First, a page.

• Strategic Goal 1 Provide farm income support to eligible producers, cooperatives, and associations to help improve the economic stability and viability of the agricultural sector and to ensure the production of an adequate and reasonably priced supply of food and fiber. Strategic Goal 3 Assist eligible individuals and families in becoming successful farmers and ranchers. Strategic Goal 4 Improve the effectiveness and efficiency of commodity acquisition, procurement, storage, and distribution activities, and administer the U.S. Warehouse Act (USWA). Strategic Goal 2 Assist agricultural producers and landowners in achieving a high level of stewardship of soil, air, and wildlife resources on America’s farms and ranches while protecting the human and natural environment. Strategic Goal 1 Promoting Productive Farms and Ranches Strategic Goal 2 Supporting Secure and Affordable Food and Fiber Supply Strategic Goal 3 Conserving Natural Resources and Enhancing the Environment Strategic Goal Linkage - FSA to USDA to FSA Strategic Goal 1 Enhance Economic Opportunities for Agricultural Producers Strategic Goal 5 Protect and Enhance the Nation’s Natural Resource Base and Environment OLD FSA FY 01-05 Strategic Plan NEW FSA FY 05-11 Strategic Plan USDA FY 02-07 Strategic Plan 9
  • FY 2006 President’s Budget Strategic Goal Linkage – FSA to USDA End Outcome 2: Secure Supply of Quality Food and Fiber End Outcome 3: Effective Food Aid Income Support Programs Commodity Operations Objective 2.2: Providing Adequate, Secure Storage Capacity that Maintains Quality Agency Goal 2 : Supporting Secure and Affordable Food and Fiber Supply USDA Goal 1: Enhance Economic Opportunities for Agricultural Producers Objective Strategic 1.2: Support International Economic Development and Trade Capacity Building End Outcome 1: Successful Farms and Ranches End Outcome 3: Thriving Agricultural Communities Commodity Operations Objective 1.4: Expanding Market Opportunities Agency Goal 1: Supporting Productive Farms and Ranches USDA Goal 1: Enhance Economic Opportunities for Agricultural Producers USDA Strategic Objective 1.3: Expand Alternative Markets for Agricultural Products and Activities FSA End Outcome Major Program Areas that Contribute FSA Strategy FSA Strategic Goal USDA Strategic Goal/Objective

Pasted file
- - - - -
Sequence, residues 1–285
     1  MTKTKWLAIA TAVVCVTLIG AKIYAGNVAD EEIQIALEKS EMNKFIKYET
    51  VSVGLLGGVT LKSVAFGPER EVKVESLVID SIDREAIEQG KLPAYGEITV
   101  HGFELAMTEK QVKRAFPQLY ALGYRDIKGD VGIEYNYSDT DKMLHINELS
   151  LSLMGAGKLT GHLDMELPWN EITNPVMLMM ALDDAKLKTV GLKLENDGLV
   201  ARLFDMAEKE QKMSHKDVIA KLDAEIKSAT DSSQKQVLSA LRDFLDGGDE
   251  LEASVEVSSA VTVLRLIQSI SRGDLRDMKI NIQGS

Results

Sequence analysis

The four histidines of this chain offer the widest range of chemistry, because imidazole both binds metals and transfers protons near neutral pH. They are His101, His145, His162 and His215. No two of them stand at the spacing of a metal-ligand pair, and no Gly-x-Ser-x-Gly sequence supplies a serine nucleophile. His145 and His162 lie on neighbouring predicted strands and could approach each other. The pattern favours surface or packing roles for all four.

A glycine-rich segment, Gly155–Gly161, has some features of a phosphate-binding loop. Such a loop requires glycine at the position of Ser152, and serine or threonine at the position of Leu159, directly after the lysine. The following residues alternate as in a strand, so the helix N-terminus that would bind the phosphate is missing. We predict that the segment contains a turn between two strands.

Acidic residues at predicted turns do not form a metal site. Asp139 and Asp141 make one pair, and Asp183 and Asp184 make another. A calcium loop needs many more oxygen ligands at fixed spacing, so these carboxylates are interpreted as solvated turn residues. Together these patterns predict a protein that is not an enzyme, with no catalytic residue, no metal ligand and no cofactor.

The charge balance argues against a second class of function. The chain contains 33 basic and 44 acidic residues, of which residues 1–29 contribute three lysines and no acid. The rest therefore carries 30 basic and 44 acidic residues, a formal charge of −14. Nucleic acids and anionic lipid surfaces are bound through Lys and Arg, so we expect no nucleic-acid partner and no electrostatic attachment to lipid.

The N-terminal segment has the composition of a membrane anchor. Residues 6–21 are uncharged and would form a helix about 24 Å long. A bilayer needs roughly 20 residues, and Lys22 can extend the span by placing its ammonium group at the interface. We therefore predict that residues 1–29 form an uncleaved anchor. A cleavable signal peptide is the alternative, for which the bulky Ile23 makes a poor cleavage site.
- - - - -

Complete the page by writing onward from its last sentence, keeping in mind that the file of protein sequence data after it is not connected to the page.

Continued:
• FY 2006 President’s Budget Strategic Goal Linkage – FSA to USDA, Continued Agency Goal 2: Supporting Secure and Affordable Food and Fiber End Outcome 1 : Quality Soil End Outcome 2 : Quality Water End Outcome 3 : Quality Wildlife Habitat End Outcome 4 : Quality Air Conservation Programs Farm Loan Programs Objective 3.1 : Improving Conservation Practices Objective 3.2 : Targeting Lands to Maximize Conservation Benefits Objective 3.3 : Mitigating Adverse Impacts from Agricultural Production Agency Goal 3: Conserving Natural Resources and Enhancing the Environment USDA Strategic Goal 5: Protect and Enhance the Nation’s Natural Resource Base and Environment USDA Strategic Objective 5.2: Improve Management of Private Lands End Outcome 1 : Affordable Food and Fiber Farm Loan Programs Income Support Programs Disaster Assistance Programs Conservation Programs Commodity Operations Objective 2.1 : Supporting Domestic Agriculture End Outcome 1 : Successful Farms and Ranches End Outcome 2 : A Market-Based Agricultural Sector End Outcome 3 : Thriving Agricultural Communities Farm Loan Programs Income Support Programs Disaster Assistance Programs Conservation Programs Commodity Operations Objective 1.1 : Improving Access to Capital Objective 1.2: Mitigating Market Losses Objective 1.3 : Mitigating Losses from Natural Disasters Agency Goal 1: Supporting Productive Farms and Ranches USDA Goal 1: Enhance Economic Opportunities for Agricultural Producers USDA Strategic Objective 1.4: Provide Risk Management and Financial Tools to Farmers and Ranchers FSA End Outcome Major Program Areas that Contribute FSA Strategies FSA Strategic Goal USDA Strategic Goal/Objective